In March, EFT took a trip to Langkawi. The 10-11 year olds got right into exploring the island at Durian waterfall. While enjoying the cool stream, they learned how to conduct a freshwater ecosystem survey. Students tested and compared aspects of water quality, including pH, ammonia, nitrates and nitrites, between a disturbed and undisturbed site. They tried their hands at freshwater sampling, which included sweeping the streams for invertebrates and identifying them. Students also conducted a rainforest survey: within quadrats, groups worked together to measure light intensity, canopy cover, and tree abundance. These two introductory surveys taught the group how to implement scientific methods in the field.
The second day featured a two-hour boat tour with spectacular views of the extensive mangrove forest nestled among the towering limestone cliffs of Kilim Karst Geoforest Park. Long-tailed macaques chased the boats along the shore, accustomed to being fed by tourists. We spotted a mangrove pit viper wound around the mangrove roots and saw spectacular numbers of Brahminy kites and white-bellied sea eagles swooping across the sky. The students also got a chance to get their hands dirty for the sake of the environment, planting over 80 mangrove seedlings as part of a mangrove restoration project.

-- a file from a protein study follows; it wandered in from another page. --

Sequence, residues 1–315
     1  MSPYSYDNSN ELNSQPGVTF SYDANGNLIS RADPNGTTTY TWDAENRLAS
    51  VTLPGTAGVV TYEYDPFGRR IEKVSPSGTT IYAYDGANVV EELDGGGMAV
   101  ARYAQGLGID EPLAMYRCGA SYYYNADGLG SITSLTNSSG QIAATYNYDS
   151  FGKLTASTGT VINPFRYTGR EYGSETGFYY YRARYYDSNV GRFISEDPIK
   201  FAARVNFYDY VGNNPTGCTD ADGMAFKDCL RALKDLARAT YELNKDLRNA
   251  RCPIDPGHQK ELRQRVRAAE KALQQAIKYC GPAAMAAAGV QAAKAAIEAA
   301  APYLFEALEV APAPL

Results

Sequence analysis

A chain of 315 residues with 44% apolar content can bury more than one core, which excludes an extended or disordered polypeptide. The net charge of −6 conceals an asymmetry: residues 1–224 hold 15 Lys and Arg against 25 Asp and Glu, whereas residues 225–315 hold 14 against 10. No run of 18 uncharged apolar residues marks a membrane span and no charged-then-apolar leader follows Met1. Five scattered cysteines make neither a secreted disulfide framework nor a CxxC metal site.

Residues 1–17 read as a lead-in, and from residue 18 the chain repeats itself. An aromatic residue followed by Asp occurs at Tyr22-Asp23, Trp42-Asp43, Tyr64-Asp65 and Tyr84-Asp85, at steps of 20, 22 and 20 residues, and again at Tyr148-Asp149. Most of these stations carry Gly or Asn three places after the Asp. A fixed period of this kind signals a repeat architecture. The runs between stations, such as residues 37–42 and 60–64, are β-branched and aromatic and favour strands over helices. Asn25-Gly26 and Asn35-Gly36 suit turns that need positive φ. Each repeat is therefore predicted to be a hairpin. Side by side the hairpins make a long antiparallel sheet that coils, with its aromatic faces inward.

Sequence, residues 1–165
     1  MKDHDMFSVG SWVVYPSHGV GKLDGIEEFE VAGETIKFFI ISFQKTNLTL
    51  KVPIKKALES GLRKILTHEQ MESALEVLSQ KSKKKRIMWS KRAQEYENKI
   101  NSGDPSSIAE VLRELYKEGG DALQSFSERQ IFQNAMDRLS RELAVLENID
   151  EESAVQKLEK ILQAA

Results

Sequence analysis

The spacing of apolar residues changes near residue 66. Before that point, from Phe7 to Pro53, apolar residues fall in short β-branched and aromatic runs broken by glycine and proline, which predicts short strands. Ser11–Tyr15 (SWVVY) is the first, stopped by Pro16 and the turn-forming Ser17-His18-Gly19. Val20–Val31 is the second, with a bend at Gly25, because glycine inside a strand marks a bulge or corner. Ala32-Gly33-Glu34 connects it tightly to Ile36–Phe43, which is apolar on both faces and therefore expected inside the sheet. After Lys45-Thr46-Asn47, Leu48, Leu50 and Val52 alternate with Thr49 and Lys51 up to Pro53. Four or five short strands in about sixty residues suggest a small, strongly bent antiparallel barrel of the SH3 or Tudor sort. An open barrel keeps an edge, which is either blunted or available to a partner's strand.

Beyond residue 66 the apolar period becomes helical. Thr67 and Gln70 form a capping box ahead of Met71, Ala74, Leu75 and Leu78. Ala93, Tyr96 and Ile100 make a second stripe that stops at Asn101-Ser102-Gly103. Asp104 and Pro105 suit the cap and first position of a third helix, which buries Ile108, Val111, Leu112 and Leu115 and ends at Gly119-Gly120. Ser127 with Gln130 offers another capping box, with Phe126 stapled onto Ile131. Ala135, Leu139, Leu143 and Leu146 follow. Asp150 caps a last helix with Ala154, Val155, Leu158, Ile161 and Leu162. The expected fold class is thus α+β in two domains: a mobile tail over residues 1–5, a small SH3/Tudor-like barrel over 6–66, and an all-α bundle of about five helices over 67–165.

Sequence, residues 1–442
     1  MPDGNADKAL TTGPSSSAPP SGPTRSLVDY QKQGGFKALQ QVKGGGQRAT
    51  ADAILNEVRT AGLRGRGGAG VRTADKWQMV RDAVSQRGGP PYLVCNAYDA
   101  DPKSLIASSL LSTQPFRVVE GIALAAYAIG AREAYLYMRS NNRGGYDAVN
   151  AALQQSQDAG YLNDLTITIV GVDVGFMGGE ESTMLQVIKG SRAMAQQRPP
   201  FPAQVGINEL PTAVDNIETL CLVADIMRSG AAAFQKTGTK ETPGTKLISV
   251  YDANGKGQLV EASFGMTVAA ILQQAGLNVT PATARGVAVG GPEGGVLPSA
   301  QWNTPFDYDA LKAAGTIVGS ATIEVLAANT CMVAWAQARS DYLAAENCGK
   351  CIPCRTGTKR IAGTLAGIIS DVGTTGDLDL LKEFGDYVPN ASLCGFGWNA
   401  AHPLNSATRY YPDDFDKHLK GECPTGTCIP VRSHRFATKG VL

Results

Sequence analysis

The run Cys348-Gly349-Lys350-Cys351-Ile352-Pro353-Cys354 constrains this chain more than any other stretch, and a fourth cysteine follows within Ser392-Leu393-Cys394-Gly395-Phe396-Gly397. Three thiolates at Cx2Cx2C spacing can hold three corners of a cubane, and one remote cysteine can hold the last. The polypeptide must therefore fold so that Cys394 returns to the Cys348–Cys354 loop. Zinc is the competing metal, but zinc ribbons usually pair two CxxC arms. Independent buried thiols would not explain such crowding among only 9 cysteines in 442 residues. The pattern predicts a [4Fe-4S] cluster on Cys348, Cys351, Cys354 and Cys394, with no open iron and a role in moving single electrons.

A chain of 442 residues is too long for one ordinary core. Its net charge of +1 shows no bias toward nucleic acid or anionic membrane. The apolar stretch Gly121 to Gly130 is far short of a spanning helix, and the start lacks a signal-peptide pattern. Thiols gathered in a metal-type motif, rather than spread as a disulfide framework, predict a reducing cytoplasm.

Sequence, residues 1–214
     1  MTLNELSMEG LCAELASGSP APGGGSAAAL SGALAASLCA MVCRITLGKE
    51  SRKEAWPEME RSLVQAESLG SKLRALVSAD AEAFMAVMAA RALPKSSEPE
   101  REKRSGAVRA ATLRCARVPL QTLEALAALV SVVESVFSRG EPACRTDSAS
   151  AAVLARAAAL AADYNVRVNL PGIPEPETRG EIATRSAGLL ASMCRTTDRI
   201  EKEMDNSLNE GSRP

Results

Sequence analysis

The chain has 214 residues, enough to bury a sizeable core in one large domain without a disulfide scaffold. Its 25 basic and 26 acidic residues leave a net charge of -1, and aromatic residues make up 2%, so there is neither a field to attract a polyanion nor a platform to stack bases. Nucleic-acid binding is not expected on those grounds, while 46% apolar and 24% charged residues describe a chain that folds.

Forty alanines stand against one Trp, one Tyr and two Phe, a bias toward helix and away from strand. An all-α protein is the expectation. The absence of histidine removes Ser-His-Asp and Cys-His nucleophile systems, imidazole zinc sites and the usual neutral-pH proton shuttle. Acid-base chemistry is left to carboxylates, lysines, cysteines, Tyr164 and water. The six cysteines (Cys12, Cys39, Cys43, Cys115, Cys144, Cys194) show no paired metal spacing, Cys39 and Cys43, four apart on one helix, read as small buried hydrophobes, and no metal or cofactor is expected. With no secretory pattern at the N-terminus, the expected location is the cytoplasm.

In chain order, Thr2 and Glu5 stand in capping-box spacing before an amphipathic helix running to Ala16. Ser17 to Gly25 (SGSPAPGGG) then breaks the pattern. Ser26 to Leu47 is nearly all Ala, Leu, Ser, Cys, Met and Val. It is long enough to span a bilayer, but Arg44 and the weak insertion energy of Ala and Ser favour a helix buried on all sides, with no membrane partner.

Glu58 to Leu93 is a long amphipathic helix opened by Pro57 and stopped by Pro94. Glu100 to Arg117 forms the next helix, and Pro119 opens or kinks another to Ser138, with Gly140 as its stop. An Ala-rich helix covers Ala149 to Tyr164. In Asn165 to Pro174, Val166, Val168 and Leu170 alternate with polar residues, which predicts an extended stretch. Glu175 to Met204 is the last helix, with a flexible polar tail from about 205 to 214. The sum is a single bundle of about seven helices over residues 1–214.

Hornbill sightings were another highlight of the three-day trip. Fortunately for us, many of the trees in the canopy layer of Gunung Raya rainforest were fruiting -- the ideal time to spot hornbills snacking on the abundance of fruit. While trekking through the rainforest, one of the local guides called the group over for an exciting sight, a hornbill feeding his babies. The oriental pied hornbill coughed up the fruits and dropped them through a small hole into the nest cavity in the side of an emergent tree. The short but immersive trip was packed full of adventure, amazing flora and fauna, field surveys and beautiful ecosystems.
Emma Su - EFT Biologist